Carolyn’s advice was consistent with her general philosophy, which is to acknowledge and honestly deal with your preferences and annoyances in (dating) relationships, because no matter how good you think the relationship is, or how much you want it to work out, if on a day-to-day basis you don’t want the same things, and don’t make each other happy, you’re on a track to years of  resentment and misery. This means sometimes you break up over reasons that feel really petty–but actually are reflections of whether or not you are well suited for each other. I think this is really important.

But I also think it’s really important to give people room to consider and accept change, and to gradually work their way out of lifelong, beloved patterns. It sounds like this boyfriend has always spent all his vacation at this cabin. Last year they went and had a great time, so he had no reason to think about changing his plans. This year, it’s in the air that she wants something more, and while he wants to be supportive of her, he’s not willing to change his plans. I think it’s important they talk about it so he can get used to the idea of doing something different, but I also think it’s fair to give a summer or two for that transition to happen, and to come more naturally.

This situation reminds me very much of Christmas 2008. SK had just moved to Michigan, and we were engaged, but not yet married. We’d both done various versions of holiday events with each other’s families for the previous couple of years. We were talking about how we’d handle the holidays that year, and we found that neither one of us was willing to break with our personal traditions just yet. We both had expectations, with lots of emotions attached, about how we’d spend Christmas Eve and Christmas Day, and it was really hard to mash them up. In the end we did go our separate ways for part of the holiday, and then joined up again for the rest of it.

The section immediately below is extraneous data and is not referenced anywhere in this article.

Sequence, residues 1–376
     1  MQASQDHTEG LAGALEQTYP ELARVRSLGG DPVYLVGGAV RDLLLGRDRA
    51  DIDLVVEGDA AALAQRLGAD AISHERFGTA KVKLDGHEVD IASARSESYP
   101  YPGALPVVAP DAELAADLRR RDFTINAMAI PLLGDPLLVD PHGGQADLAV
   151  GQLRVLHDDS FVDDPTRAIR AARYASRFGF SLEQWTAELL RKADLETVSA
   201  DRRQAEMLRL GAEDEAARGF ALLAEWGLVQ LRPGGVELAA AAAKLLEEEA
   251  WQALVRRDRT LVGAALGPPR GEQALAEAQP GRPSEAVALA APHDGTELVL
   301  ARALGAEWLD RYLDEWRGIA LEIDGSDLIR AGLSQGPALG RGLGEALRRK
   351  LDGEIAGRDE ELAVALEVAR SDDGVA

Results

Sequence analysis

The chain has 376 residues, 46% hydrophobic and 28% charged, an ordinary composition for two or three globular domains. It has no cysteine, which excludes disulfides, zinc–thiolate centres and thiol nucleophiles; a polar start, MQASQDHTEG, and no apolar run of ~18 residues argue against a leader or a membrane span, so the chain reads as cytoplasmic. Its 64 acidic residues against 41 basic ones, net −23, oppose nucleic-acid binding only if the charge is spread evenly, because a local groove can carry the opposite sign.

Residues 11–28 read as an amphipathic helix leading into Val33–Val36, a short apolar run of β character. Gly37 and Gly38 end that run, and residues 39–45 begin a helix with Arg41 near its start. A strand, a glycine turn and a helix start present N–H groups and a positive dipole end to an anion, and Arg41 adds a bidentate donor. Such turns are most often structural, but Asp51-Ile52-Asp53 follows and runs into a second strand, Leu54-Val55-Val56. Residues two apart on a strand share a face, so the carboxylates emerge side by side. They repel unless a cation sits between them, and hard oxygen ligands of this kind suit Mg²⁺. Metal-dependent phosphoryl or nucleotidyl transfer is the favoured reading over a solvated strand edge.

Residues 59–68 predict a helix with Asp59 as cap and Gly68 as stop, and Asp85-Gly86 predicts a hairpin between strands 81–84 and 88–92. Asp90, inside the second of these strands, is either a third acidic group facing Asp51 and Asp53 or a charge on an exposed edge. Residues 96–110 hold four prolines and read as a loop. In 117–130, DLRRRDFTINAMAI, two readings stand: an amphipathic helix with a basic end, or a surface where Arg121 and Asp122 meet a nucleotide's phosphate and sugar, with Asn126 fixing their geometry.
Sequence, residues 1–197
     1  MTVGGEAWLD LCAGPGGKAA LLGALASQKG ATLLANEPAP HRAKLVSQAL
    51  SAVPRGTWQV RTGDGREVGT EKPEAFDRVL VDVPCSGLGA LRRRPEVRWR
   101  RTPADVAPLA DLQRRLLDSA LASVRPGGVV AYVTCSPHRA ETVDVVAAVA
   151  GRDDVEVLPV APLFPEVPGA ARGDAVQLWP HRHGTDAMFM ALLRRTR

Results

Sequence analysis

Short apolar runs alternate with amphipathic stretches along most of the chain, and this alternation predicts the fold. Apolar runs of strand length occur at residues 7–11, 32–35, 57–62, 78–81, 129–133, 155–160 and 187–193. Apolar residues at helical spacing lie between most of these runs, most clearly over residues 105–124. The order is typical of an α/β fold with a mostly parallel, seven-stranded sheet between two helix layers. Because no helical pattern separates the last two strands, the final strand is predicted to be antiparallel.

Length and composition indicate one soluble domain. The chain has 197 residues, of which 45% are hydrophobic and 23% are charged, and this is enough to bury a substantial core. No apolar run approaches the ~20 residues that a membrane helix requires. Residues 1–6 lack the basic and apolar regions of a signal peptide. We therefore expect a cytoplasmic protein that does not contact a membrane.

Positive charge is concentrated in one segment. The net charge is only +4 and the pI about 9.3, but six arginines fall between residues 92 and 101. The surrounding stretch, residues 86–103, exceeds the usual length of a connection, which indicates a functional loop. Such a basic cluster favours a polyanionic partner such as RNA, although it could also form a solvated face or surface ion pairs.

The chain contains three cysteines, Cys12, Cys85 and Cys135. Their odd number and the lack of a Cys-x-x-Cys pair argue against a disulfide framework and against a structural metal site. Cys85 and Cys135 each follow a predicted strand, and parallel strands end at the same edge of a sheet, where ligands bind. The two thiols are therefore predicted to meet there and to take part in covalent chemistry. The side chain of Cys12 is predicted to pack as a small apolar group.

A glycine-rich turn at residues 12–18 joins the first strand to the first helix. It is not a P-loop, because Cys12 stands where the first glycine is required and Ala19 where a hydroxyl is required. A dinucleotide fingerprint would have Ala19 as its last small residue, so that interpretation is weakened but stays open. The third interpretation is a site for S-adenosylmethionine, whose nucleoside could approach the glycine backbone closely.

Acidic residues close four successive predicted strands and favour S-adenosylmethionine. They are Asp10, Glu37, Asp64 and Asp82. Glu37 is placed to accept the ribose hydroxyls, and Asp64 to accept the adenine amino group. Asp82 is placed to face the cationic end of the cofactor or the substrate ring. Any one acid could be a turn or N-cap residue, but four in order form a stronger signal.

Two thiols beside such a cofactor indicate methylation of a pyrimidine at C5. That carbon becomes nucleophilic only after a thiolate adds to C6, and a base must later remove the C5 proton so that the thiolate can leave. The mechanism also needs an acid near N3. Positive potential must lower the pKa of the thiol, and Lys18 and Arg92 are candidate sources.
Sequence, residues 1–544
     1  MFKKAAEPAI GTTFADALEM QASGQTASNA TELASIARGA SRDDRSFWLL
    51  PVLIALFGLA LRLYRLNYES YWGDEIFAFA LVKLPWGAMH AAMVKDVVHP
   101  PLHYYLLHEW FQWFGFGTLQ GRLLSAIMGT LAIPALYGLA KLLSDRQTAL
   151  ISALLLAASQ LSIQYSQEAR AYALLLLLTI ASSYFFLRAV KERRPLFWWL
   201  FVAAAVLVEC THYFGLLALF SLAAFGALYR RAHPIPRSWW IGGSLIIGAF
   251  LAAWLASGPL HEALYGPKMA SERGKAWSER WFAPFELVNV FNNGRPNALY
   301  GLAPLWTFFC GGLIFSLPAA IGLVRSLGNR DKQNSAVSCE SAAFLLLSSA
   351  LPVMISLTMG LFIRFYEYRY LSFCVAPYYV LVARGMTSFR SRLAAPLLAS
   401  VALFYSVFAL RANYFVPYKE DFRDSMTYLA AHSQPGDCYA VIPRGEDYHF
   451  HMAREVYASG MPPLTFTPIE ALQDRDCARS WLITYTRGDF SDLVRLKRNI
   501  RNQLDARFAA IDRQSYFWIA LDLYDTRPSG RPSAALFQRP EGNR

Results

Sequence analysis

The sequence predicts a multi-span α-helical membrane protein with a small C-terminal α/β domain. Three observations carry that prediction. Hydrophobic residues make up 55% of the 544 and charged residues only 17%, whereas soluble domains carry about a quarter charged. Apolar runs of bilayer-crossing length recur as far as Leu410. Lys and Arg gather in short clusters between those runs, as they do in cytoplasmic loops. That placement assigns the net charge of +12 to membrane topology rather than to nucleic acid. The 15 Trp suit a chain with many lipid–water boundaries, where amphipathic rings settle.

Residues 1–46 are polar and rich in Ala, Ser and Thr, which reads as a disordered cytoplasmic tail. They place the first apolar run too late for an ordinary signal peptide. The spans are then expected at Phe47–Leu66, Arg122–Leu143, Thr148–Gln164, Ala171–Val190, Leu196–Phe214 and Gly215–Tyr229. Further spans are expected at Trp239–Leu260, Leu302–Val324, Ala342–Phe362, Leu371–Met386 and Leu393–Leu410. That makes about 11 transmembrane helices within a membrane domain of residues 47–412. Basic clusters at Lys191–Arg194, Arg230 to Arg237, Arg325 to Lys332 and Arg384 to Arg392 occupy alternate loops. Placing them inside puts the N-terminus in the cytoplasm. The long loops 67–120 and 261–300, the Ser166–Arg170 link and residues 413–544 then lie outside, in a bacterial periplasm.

I don’t know about for him, but for me, that year was really important. It was a chance for me to experience my childhood traditions with the knowledge that it was probably going to be the last time, or at least the last time they’d be quite that way. With that mindset, I was also able to see with clear eyes that the traditions had changed, too, and things weren’t always going to be “the same” anyway. It also gave me a chance to realize that I wanted us to spend the holidays together more than I wanted to go through the motions of the events that I thought made the holiday. I needed to do things my way that year, but it wasn’t purely selfish inflexibility. It was a turning point for me that made me ready to plan our holidays as a couple in the future.

Now, this couple isn’t engaged or married, so I’m certainly not advocating that she spend one or two or three more years just waiting to see what happens when summer vacation time rolls around. But if they are together for the long haul, I guess I would just add to the converstion that the seemingly stubborn decision of one year, even if it seems hard and fast (and reduces one party to piteous weeping), can be the beginning of the conversation, not the final word.